U.S. study reveals crucial mechanisms contributing to Alzheimer's

Source: Xinhua| 2019-08-01 06:11:23|Editor: yan
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LOS ANGELES, July 31 (Xinhua) -- Researchers at the University of California, Irvine (UC Irvine), have developed a way for human brain immune cells, known as microglia, to grow and function in mice, which offers an unprecedented view of crucial mechanisms contributing to Alzheimer's.

The breakthrough also holds promise for investigating many other neurological conditions such as Parkinson's, traumatic brain injury, and stroke, according to a university release on Wednesday.

The study was published in the journal Neuron on Tuesday.

The scientists dedicated four years to devising the new rodent model, which is considered "chimeric." The word, stemming from the mythical Greek monster Chimera, describes an organism containing at least two different sets of DNA.

To create the specialized mouse, the team generated induced pluripotent stem cells, or iPSCs, using cells donated by adult patients.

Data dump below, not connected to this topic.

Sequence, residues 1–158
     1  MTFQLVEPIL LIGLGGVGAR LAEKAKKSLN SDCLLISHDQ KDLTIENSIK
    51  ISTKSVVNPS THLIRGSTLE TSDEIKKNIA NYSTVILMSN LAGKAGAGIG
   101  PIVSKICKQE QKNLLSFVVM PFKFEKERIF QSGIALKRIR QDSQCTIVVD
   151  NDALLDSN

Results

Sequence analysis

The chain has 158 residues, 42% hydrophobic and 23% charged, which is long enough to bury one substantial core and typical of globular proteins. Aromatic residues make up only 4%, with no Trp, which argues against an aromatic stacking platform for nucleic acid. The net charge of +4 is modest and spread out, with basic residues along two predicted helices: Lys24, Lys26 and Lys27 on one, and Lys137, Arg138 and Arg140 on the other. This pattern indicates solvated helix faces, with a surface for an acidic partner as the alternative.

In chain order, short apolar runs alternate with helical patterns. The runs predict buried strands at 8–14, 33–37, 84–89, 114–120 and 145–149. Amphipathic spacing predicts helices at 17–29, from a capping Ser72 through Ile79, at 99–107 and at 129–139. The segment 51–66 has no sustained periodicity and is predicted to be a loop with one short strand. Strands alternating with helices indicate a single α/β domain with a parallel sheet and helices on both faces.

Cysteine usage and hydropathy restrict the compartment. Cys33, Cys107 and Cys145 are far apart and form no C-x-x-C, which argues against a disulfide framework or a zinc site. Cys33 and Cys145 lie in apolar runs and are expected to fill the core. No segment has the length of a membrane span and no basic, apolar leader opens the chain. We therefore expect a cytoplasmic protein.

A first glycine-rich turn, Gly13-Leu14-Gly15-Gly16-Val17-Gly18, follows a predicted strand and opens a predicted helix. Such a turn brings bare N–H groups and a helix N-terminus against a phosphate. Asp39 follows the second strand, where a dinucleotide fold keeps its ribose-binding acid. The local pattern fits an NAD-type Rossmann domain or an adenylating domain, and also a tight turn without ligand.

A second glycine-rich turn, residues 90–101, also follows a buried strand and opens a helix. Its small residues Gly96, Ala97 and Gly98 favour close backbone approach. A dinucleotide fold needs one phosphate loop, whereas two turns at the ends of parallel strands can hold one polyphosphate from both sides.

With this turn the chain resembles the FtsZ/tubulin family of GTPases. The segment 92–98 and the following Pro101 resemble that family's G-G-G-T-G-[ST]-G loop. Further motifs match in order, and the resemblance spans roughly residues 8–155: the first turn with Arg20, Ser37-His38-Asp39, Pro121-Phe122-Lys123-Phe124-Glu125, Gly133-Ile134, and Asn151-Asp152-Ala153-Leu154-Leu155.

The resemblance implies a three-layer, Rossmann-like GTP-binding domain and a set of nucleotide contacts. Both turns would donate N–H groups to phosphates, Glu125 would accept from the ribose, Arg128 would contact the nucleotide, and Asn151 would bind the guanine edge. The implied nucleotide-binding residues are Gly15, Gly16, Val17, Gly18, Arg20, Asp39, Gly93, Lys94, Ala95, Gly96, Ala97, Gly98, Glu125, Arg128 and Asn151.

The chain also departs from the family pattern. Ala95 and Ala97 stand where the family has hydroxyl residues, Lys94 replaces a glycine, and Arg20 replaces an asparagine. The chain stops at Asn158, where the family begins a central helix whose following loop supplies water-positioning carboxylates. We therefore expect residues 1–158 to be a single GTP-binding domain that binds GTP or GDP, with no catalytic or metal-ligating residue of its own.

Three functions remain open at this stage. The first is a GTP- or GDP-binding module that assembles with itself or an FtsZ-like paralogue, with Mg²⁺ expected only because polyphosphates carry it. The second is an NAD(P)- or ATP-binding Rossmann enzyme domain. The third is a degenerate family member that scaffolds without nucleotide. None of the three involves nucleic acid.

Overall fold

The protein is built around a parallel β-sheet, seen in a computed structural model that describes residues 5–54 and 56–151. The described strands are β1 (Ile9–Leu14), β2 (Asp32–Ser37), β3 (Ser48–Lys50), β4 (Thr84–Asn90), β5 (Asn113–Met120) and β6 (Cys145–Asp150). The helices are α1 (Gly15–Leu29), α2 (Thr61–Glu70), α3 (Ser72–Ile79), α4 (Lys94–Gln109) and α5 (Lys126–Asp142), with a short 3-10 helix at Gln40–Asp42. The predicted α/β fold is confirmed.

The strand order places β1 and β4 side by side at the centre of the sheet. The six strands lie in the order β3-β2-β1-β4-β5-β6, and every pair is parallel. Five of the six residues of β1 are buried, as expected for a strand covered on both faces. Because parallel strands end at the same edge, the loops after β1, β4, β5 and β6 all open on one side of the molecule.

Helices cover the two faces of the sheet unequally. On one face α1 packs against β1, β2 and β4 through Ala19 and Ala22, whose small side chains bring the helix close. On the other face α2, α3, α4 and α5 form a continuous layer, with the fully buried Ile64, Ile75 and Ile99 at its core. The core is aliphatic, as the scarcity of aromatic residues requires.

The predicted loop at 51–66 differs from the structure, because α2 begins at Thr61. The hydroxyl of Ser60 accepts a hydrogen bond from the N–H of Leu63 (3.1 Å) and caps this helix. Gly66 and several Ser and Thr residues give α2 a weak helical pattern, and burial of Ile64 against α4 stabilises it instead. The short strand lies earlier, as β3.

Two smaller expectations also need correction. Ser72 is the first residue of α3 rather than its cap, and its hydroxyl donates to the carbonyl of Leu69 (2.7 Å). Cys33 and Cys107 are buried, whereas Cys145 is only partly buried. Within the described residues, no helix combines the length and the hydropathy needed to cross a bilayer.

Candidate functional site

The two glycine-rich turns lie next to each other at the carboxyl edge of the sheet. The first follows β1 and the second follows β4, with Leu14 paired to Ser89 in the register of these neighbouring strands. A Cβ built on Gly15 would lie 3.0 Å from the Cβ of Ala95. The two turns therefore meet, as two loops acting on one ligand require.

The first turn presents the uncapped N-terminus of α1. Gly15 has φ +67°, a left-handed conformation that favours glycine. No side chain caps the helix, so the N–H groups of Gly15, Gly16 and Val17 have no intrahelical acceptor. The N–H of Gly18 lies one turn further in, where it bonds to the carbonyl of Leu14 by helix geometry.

Once created, iPSCs can be turned into any other type of cell. In this case, the researchers coaxed the iPSCs into becoming young microglia and implanted them into genetically-modified mice.

Examining the rodents several months later, the scientists found about 80 percent of the microglia in their brains was human, opening the door for an array of new research.

"Microglia are now seen as having a crucial role in the development and progression of Alzheimer's," said Mathew Blurton-Jones, research team leader and associate professor of neurobiology and behavior at UC Irvine.

"Recent research has identified over 40 different genes with links to Alzheimer's and the majority of these are switched on in microglia," he said. "However, so far we've only been able to study human microglia at the end stage of Alzheimer's in post-mortem tissues or in petri dishes."

"This specialized mouse will allow researchers to better mimic the human condition during different phases of Alzheimer's while performing properly-controlled experiments," said Jonathan Hasselmann, one of the two neurobiology and behavior graduate students involved in the study.